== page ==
Using quilts, especially if not old, has been criticized for negating the handcraft of quiltmaking and othering artisans of laborious tasks as less than "fashion" designers, Gül said she got to see how difficult, and at times, painful this craft is.
"What comes out is beautiful; the patterns are mesmerizing. But my fingers still have holes from those sharp, thick steel needles," she said, speaking of the hours she spent making and embossing quilts alongside her artisanal masters Ömer and Hikmet. Collaborating with the brand Ninemin Dolabı (My Grandmother's Closet), Gül created a winter 2021 collection of quilted jackets with what she learned from quiltmakers who have been in the business for over 50 years.
She handpicked the cotton and silk for the jackets and batting them with the padding before she embroidered Turkish motifs on them. She chose tulips, grapevines and sea waves as per tradition.
Gül believes the devil is in the details – the lining of these quilted jackets are made of a type of Turkish flannel called "pazen," most discernible by its flowery patterns and vibrant colors. The ends of the coats and jackets are weighed down with tiny sacks of lavender, which Gül says is an old tradition used to ward off bugs, bacteria and viruses – very befitting for the times we are in.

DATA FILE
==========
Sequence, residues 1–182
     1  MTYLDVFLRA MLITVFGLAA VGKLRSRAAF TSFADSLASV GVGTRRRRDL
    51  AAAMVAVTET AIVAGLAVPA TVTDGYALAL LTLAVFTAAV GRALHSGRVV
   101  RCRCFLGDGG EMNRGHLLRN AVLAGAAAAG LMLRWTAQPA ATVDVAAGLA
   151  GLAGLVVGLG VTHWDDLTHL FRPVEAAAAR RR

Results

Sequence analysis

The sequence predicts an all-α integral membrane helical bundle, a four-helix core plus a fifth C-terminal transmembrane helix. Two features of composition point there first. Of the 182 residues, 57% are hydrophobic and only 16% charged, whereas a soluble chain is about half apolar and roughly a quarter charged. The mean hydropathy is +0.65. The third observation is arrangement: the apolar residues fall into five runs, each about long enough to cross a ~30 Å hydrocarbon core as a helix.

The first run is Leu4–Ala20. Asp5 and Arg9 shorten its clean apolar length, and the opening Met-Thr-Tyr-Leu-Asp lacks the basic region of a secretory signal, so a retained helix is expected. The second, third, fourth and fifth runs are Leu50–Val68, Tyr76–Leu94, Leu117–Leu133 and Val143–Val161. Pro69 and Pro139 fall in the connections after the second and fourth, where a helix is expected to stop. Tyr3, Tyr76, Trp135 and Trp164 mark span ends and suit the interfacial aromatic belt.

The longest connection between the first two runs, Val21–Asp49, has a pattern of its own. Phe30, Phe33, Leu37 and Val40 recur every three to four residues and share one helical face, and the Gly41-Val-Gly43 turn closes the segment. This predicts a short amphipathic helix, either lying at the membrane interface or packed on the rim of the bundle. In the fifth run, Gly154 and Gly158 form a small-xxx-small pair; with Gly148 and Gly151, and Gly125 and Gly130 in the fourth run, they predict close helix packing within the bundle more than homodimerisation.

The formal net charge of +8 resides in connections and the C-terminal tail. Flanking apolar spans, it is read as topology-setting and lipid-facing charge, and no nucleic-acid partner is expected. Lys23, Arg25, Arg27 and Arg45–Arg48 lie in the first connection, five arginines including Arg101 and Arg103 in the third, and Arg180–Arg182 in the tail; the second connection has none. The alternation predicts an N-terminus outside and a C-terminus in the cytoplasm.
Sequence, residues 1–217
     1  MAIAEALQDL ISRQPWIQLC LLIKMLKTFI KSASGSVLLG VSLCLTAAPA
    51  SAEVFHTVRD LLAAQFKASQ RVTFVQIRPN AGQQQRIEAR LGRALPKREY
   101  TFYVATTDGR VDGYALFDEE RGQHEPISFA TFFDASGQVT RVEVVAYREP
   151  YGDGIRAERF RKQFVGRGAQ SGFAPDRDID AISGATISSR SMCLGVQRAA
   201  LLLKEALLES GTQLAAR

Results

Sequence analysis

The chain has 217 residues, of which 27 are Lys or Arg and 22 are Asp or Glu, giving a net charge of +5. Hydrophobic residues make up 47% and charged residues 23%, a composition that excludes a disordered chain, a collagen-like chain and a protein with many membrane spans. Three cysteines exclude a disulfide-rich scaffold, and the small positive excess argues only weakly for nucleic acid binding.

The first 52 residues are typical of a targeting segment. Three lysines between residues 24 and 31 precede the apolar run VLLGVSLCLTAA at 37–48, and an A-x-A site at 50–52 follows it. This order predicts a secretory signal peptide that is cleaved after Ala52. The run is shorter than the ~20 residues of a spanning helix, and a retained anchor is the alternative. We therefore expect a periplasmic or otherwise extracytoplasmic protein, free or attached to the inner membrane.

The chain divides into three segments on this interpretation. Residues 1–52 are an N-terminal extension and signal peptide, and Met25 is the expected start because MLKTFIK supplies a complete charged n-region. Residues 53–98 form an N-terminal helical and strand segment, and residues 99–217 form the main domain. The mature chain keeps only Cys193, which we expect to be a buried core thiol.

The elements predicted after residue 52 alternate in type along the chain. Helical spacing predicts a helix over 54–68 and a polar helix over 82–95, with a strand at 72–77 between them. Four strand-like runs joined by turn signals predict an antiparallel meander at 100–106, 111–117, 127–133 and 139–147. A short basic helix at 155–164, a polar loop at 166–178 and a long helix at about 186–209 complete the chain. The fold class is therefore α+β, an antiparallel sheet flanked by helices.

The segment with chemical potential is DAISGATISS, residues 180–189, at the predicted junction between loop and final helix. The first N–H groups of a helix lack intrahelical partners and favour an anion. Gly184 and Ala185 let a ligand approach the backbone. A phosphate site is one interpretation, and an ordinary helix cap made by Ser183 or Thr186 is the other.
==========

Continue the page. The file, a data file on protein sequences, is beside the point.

But why specifically quilting?
Gül spent most of her student years in the Fatih district of Istanbul, the streets of which are lined with quiltmakers. She also likes to explore the nostalgic neighborhoods of Istanbul, and most often Üsküdar right by the sea.
"I was walking along the streets of Üsküdar when I kept seeing all of these beautiful, handmade quilts laying by the bins, discarded, despite being in mint condition. So, I started photographing them ... I had also seen Ayça Sarc's 'Yorganlar Fora' (Unfurl the Quilts') exhibition in 2018 and wanted to learn about quilt making techniques."